The Car Of The Future Promised For October

Aptera Motors has rolled out the first pre-production model of the 2e, an all-electric three-wheeled two-seater that gets the equivalent of 200 mpg and goes 100 miles on a charge. It’s a significant milestone for the Southern California startup, which plans to put the first cars in driveways by Halloween and looks like a contender to win the $10 million Progressive Automotive X Prize. “Everything is progressing nicely as we ramp up for full production of the 2e beginning in October,” says chief marketing officer Marques McCammon. “We’re still on target to build an ultra-efficient, high-mileage vehicle without sacrificing comfort and safety, and once Californians get behind the wheel this fall, we expect to change the world of commuter transportation.” In recent months, it has become clear that automakers big and small are focusing on electric vehicles as the next evolution of the automobile. If Aptera manages delivering its super streamlined cars nine months from now, the 2e will be among the first mass-market, relatively affordable (at $25,000 to $45,000) EVs on the road. And that would be a testament to the power of the $10 million X-Prize to spur innovation. The 3-year-old company funded by Google, Idealab and others is among at least 20 teams competing in the X-Prize race to build the world’s first mass production-ready vehicle that exceeds 100 mpg.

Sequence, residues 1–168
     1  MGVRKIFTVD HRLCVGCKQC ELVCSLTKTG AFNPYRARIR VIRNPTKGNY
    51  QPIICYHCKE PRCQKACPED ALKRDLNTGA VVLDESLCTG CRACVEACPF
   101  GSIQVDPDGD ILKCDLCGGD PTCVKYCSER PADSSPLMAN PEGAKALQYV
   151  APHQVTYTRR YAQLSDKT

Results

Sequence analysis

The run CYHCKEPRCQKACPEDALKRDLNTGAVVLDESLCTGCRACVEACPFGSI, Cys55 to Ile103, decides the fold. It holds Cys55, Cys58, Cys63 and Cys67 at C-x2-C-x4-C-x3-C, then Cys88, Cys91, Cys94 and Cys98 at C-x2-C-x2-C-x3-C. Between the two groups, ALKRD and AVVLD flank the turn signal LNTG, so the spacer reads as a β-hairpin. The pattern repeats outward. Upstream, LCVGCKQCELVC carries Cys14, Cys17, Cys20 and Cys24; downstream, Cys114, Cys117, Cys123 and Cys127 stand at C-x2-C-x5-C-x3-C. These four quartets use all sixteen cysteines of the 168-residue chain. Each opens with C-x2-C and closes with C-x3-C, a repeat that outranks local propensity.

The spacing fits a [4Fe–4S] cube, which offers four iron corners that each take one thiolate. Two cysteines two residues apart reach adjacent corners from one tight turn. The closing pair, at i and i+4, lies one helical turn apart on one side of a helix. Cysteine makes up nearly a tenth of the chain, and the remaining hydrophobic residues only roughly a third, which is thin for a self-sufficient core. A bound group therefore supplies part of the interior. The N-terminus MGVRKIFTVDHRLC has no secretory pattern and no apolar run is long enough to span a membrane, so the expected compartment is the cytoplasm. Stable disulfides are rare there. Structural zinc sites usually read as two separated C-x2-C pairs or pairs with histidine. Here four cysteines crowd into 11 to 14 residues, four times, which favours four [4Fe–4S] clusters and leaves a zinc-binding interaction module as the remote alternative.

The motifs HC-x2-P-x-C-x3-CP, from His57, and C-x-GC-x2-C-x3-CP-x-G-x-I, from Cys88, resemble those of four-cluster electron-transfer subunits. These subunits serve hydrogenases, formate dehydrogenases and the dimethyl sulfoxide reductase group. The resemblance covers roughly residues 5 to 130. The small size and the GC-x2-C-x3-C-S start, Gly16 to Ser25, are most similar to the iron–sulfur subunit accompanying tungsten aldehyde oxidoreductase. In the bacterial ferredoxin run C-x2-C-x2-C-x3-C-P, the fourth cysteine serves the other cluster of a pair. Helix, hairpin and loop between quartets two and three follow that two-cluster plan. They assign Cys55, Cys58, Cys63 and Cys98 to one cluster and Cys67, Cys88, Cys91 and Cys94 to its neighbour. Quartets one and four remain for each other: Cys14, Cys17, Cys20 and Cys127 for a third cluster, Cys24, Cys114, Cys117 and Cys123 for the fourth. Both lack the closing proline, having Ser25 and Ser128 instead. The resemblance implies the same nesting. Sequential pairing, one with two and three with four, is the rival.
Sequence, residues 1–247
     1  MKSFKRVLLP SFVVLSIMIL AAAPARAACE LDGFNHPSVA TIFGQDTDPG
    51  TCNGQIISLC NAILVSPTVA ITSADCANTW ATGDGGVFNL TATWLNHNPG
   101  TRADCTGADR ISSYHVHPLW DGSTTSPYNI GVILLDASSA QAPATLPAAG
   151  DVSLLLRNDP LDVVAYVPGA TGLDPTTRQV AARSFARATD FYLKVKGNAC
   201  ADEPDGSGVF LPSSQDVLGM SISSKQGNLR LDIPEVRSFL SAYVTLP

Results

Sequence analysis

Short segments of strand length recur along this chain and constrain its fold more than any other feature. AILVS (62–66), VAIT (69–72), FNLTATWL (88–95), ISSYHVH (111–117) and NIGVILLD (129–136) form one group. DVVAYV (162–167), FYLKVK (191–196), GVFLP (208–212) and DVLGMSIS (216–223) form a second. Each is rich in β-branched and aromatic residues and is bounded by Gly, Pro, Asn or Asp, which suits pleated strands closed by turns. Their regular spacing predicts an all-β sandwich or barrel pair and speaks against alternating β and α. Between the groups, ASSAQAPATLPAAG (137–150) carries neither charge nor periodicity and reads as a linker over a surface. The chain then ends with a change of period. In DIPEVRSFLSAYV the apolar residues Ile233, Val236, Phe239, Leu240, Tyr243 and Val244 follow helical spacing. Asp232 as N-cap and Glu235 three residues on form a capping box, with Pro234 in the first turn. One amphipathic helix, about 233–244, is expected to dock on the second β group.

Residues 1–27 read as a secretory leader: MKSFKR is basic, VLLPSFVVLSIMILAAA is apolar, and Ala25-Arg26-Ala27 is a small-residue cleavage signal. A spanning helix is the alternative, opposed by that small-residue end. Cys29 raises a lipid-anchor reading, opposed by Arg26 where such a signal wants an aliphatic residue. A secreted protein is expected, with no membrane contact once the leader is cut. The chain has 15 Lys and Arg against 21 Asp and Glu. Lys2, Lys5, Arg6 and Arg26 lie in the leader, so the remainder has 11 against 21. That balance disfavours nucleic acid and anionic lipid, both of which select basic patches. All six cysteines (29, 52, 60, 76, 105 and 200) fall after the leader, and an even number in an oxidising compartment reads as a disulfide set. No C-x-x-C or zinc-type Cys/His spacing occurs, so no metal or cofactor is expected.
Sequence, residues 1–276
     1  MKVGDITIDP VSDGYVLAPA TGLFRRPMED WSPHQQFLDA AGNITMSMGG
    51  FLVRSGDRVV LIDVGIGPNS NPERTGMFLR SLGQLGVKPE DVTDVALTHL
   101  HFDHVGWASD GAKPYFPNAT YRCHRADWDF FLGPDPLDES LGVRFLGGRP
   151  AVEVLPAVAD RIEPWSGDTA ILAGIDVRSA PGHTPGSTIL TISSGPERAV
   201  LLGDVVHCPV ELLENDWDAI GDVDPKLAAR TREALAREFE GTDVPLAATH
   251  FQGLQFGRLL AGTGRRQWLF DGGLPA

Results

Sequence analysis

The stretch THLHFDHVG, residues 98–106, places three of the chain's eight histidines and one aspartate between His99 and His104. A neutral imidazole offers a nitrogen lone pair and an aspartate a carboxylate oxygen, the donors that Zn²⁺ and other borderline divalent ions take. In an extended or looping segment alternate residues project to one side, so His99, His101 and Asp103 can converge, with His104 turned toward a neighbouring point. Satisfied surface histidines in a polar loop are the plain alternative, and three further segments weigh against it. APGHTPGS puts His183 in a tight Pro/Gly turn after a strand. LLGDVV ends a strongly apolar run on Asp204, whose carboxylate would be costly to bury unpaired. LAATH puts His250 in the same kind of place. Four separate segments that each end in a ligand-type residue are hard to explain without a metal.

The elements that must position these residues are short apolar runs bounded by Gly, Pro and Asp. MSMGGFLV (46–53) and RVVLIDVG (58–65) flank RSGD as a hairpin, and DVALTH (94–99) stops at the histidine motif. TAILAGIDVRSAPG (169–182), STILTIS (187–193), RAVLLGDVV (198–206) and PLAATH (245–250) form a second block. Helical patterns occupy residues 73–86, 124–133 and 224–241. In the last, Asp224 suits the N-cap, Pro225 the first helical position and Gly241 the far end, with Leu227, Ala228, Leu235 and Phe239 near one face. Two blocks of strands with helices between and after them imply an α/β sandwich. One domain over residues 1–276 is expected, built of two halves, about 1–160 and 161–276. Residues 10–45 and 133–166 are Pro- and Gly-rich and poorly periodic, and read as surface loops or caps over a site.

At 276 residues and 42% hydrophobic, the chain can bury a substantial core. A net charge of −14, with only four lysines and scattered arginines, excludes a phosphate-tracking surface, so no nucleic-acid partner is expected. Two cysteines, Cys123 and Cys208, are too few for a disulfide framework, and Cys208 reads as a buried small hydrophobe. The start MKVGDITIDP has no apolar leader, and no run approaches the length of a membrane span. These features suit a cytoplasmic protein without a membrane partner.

Most of the major automakers rolled into the Detroit auto show with EV concept cars, with Ford and Chrysler among the companies promising to begin putting cars with cords on the road in 2010. Tesla Motors has been building its all-electric Roadster for almost a year now, and Fisker Automotive says it will begin producing its $87,900 plug-in hybrid next fall. But despite their advanced drive trains, all those vehicles look like regular cars. The 2e is like nothing else in the auto industry, which might be why it scored a cameo in Star Trek. With its sleek, three-wheeled design, the 2e looks like something Spock might cruise around in. A lithium-ion battery powers an electric motor that can propel the car from zero to 60 in less than 10 seconds on its way to a top speed of 90 mph.  (Read more HERE)



Published by Larry Fire

I write an eclectic pop culture blog called THE FIRE WIRE that features articles about books, comics, music, movies, television, gadgets, posters, toys & more!

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